"Drew Storen is a closer," Washington Nationals' General Manager Mike Rizzo told reporters this past January at a press conference introducing free agent closer Rafael Soriano to the nation's capital. Soriano had just inked a 2-year/$28M deal to take over that role with the Nats. [Storen's] going to be a closer. He's got closer stuff. He's got a closer's mentality. And by no means [was] the signing of Rafael Soriano based on one inning and one game at the end of the season. [Storen] is a young closer that was thrust into the closer's role as a very young man and a very young major leaguer. We feel that we benefit having [Soriano] on the club not only by pitching the ninth inning, but also by mentoring a good young potential closer in Drew Storen."
The "one inning and one game at the end of the season" was of course the ninth inning of Game 5 of the NLDS with the St. Louis Cardinals which saw Storen give up three hits, two walks and four runs in what was a 7-5 game in the Nationals' favor when he took the mound. Storen came within one strike of sending Washington to the NLCS but then things fell apart. The Cards ended up winning 9-7 and moving on while the Nationals, the nation's capital and Storen were left devastated.
The addition of Soriano this winter, the Nats' GM said at the time he was signed, would give the Nationals multiple options and a stronger bullpen overall. "We feel that we have multiple closers on this club," Rizzo said, "that have the ability to close out games. One of them is going to close out the seventh, one will close out the eighth and one will finish the game in the ninth and we feel pretty good about that."
That's how it would have worked in a perfect world at least. Instead, Storen struggled in his new role. In 47 games, including yesterday's disastrous 2/3 of an inning, three-hit, three-run outing against the Mets, Storen has put up a 5.95 ERA and a 4.16 FIP with seven home runs (1.49 HR/9) and 13 walks (2.76 BB/9) allowed and 43 Ks (9.14 K/9) collected in 42 1/3 IP. On Friday night, Storen was optioned to Triple-A Syracuse. At least one teammate, Tyler Clippard, thought that the signing of Soriano and the way the situation was handled played a big part in Storen's struggles.
"You basically send a guy a message this offseason," an emotional Clippard told reporters, "for having one bad game, that he's not the guy for the job. He's only human. I mean, it's going to get to anybody. Eight months later, you get to a point where he’s struggling, and you turn the page on him and you send him down. It’s not necessarily turning the page on him, because I think he needs to regroup and get out of this environment and take a deep breath and re-gather himself. I just think it’s been handled very poorly."
Nats' manager Davey Johnson spent the majority of his postgame press conference following the second game of the doubleheader and the Nationals' walk-off win over the Mets, discussing the decision to send Storen to Triple-A Syracuse. "He wants to work it out here," Johnson began, "and I understand that. He made some major changes. Even though he felt bad, he said he felt better doing it with the high leg kick and all that, but he just needs to get right mentally and mechanically because I need him. It's that simple. But I don't need him where he's at, where he kind of, at times fights the situation. And he's too important to this ballclub going forward. He needs to just get right and if he gets it right, he'll be back."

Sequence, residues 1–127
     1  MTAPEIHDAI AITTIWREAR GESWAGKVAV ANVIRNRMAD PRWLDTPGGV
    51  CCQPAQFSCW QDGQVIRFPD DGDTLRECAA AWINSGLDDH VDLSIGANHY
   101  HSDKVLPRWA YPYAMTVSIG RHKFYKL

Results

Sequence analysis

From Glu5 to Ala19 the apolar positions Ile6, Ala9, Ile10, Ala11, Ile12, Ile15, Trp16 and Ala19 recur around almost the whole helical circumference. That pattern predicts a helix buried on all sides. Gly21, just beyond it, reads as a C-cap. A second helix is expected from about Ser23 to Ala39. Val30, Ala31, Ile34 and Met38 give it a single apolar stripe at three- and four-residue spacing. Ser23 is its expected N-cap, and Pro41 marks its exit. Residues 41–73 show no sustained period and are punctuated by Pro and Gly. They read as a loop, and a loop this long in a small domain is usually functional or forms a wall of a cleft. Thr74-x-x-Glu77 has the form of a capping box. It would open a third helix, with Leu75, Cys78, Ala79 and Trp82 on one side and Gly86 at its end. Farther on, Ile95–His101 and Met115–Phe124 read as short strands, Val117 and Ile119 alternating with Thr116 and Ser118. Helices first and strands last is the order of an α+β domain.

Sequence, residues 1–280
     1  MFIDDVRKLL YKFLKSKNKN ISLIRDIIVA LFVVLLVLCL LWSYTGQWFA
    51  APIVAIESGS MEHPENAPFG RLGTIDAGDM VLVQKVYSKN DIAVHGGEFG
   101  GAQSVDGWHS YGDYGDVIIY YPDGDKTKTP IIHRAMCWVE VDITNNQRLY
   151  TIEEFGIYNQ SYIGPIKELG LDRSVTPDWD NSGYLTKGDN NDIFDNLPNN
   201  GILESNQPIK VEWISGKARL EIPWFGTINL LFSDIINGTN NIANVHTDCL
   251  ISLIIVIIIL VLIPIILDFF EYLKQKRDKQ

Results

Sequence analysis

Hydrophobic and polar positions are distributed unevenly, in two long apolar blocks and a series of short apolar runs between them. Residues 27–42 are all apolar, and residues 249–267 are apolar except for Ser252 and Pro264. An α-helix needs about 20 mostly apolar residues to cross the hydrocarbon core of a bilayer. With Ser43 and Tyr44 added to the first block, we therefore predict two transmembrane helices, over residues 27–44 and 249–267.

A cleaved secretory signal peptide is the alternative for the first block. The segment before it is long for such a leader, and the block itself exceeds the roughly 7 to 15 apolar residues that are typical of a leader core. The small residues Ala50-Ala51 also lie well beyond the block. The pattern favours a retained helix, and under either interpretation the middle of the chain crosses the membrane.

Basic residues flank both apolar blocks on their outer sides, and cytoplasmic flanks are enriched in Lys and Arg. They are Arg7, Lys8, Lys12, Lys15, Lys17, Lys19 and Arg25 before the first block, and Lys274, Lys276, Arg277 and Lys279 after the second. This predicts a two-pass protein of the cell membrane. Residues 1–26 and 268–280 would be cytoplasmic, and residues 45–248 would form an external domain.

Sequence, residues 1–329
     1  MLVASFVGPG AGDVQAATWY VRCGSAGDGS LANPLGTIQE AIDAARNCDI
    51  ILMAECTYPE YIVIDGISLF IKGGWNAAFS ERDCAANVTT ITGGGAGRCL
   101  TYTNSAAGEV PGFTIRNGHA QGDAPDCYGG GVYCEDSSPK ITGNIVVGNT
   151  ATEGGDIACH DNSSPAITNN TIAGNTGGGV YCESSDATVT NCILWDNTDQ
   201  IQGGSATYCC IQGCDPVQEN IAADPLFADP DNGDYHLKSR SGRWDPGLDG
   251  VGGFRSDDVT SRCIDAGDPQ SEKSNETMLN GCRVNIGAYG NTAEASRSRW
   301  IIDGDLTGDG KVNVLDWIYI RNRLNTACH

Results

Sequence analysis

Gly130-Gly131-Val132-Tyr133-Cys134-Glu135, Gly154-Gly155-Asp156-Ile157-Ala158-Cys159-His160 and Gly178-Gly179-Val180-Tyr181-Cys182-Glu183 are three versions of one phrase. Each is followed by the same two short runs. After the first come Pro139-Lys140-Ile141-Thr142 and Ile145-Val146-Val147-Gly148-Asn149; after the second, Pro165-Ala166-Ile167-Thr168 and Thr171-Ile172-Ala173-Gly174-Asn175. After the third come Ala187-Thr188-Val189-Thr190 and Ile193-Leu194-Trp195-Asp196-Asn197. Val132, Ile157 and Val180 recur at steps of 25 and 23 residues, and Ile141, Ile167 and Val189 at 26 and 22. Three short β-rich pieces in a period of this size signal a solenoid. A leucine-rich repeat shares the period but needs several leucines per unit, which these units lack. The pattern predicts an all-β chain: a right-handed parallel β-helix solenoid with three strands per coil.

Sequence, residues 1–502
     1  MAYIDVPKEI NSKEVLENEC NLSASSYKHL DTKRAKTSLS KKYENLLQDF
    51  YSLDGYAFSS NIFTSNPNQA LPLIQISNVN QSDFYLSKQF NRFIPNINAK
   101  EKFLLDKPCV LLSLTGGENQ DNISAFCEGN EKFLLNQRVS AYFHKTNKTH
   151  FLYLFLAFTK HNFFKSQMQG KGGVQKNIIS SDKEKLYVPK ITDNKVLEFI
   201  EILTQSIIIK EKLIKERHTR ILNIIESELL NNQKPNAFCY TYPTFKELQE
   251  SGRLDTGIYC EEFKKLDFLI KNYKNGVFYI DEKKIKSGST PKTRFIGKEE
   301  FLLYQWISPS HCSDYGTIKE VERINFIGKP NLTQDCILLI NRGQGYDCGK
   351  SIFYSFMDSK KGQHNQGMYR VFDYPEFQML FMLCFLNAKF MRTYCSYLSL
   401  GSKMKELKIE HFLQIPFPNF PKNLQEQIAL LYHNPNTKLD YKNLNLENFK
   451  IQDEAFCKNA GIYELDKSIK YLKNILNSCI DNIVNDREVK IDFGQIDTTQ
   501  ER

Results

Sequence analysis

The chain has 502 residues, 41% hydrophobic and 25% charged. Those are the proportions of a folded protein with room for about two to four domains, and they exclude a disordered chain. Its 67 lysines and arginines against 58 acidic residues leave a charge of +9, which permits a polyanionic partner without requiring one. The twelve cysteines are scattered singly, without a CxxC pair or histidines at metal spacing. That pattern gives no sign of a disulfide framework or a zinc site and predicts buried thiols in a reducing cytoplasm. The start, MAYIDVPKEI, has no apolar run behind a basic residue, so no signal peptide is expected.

Johnson said the new role for Storen this season may have led to the issues the reliever has had trouble dealing with so far this season. "I think a lot of that -- and like I was telling you before... the role of closing, you know when you're going in," the manager explained. "When you're setting up, I had to explain it to him, you know, 'Right-handers, you get the right-handers. [Clippard] gets the left-handers in the set-up role.' I used him a lot because he wasn't as sharp as he was when he was closing, that he could work it out and I think I've used him more than anybody on the ballclub. More appearances anyway. But I definitely have to have him. He's a big weapon. And if he can get squared away I'll get him back."
"I always try to put guys in situations that they can be successful," Johnson said when asked if there was any way he could have handled the situation differently. "And by and large, the opportunities that he had, he should have been more successful. I was able to pick and choose parts of the lineup that he should have been more successful. But he sometimes gets to over-thinking his mechanics and getting too tight, you know, he's got a death-grip on the ball. And I think just that, not closing and any uncertainty of what day he was going to pitch or when he was going to pitch got him just more analytical."
Overall, as Johnson saw it, this is the first real adversity Storen, who was drafted and rose through the ranks quickly, has had to deal with early in his career. "He's never had failures," Johnson said, "never had to deal with failure. And this is kind of a sharp lesson up here dealing with failure. But I mean, we could have done different things with different players. But I think this is going to be best served for him, go down there and get it right and I'll get him back."
"This is what's best for him," Johnson concluded, "He'll probably have a hard time coming to grips with that, but it is the best thing for him."